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The SpaceX Falcon Rocket


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You know when SpaceX first announced they intended to land their first stage on a barge bobbing up and down in the ocean... I remember laughing to myself thinking; "right!... your not only going to return the first stage to earth, your going to land it on a moving target".


I was very pleasantly surprised when they did it. Then they impressed the hell out of me when they began repeating that landing.... getting better with each one.

Although initially I thought I was witnessing a missile test because of it coming from the direction of Vandenberg AFB after learning it was SpaceX I went and did some research on what I had witnessed because the thrust

capabilities I saw were... impressive.


The engines on this rocket are quite amazing. Although the current version is the "Merlin 1D" this is not affiliated with Merlin Engine Company. The Merlin rocket engines are designed and built by SpaceX

The first stage has nine of the Merlin 1D engines. Each produces roughly 360 kN (81,000 lbf) of thrust a minimum throttle and approx. 825 kN (185,500 lbf) at maximum throttle.

So stage one of the Falcon is very powerful producing a max thrust of 1,665,000 lbf at sea level.


Another feature these engines have that most rocket engines do not have is they can be shut off and re-ignited at will if necessary.


Stage two has only one engine, the "Merlin 1D Vacuum" which is a bit more powerful and designed to operate exclusively in the vacuum of space.

It produces a maximum thrust of 934 kN (210,000 lbf) and can also be throttled down to approx. 39% of max thrust.

The original picture I took and posted on Dec. 22 is the second stage with this Merlin 1D Vacuum engine blazing across the sky.


Picture above is Stage 2 of Falcon rocket with Merlin 1D Vacuum at or near full throttle.


I took a short video (28 seconds) of it as it disappeared over the horizon to my southwest. As it went out of view, I panned the video camera back to where it launched from. Although the picture quality is not great I created a composite photo from the vid of the launch below:


SpaceX Falcon Rocket launch from Vandenberg AFB on Dec. 22, 2017. Payload of 10 new generation Iridium Satellites.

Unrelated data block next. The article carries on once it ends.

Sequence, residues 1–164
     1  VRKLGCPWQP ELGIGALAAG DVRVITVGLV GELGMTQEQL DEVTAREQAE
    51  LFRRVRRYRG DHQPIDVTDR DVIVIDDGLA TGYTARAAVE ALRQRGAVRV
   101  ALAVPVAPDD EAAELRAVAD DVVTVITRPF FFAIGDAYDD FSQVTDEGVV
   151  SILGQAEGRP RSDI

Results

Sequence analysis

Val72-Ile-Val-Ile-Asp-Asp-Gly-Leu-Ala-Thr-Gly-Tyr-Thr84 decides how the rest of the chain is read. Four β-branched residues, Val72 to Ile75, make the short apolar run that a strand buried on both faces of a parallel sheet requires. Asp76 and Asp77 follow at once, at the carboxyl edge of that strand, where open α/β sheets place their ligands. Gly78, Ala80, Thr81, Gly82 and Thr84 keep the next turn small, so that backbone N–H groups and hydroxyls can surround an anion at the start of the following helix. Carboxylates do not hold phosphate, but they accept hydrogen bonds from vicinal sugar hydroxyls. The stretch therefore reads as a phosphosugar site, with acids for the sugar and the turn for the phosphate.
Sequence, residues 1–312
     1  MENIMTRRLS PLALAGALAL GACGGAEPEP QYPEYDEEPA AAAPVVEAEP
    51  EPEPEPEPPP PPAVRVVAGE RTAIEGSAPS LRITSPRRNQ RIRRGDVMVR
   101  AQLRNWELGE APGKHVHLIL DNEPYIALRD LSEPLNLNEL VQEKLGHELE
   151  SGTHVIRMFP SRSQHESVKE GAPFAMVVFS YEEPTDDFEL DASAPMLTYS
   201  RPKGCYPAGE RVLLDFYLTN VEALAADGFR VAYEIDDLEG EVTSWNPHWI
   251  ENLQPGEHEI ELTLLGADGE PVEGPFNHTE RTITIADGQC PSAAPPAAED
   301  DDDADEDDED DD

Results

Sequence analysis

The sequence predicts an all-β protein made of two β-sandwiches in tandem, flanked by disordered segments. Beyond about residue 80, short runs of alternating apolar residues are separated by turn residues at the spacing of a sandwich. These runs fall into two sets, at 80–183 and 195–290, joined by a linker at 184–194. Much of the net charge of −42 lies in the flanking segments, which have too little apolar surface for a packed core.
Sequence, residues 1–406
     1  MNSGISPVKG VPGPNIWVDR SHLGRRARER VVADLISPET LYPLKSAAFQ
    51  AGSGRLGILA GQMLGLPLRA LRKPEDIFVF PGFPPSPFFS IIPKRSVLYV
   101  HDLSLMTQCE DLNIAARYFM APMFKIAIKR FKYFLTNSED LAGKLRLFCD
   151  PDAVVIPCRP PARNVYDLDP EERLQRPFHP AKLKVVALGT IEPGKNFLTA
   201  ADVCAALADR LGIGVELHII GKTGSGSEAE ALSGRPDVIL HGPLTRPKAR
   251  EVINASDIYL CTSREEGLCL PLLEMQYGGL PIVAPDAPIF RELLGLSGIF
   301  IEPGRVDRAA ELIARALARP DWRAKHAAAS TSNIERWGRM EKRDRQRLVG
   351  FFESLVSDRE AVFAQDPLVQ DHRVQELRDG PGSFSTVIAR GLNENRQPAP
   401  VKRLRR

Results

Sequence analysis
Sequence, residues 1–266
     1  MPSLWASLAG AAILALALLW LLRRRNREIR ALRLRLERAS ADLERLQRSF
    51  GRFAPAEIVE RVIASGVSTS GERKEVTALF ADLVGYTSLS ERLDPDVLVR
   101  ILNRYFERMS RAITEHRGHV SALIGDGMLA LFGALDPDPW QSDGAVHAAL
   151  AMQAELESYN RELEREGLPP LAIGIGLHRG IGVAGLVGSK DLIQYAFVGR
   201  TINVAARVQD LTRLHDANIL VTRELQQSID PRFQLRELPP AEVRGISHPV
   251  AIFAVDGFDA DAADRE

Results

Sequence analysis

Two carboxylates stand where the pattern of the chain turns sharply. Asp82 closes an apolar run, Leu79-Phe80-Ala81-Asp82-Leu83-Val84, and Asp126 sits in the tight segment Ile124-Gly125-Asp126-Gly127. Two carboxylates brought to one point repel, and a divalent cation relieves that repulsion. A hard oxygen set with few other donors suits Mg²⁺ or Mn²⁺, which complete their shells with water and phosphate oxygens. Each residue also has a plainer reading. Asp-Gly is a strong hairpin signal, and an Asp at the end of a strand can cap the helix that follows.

I have to say, SpaceX continues to impress me. Vandenberg is over 600 miles from where I shot these photos, I would never have expected to get such a great view of the launch from here. I feel lucky to have witnessed it.


Musk is going to see more problems as they try to go to Mars. It is a very dangerous & difficult journey, but he has obviously assembled a great engineering team that will work their way through those problems.

I think he has demonstrated amazing capabilities with SpaceX so far... I look forward to the next time he impresses us all.


The Falcon Heavy is essentially three first stages strapped together, current engineering calculations say it can put a 37,040 pound payload in Mars orbit. It is currently being assembled.



While a target of being on Mars in the next 5 to 8 years may seem very aggressive to some, I think he probably has an engineering team capable of doing it, and he has the cash flow to finance it.

So look out solar system... here we come.

Edited by Zathrus~SPARTA~
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Been following the exploits of Musk for almost 20 years now - first saw him on a Discovery channel show developing a rocket to win a NASA funded X-Prize (first private company to launch to orbit and return a 200kg payload). Sadly Musk lost out because he ran out of funding.


But what impressed me most was the fact that he was designing and testing this rocket from his home! He set himself a goal and went for it.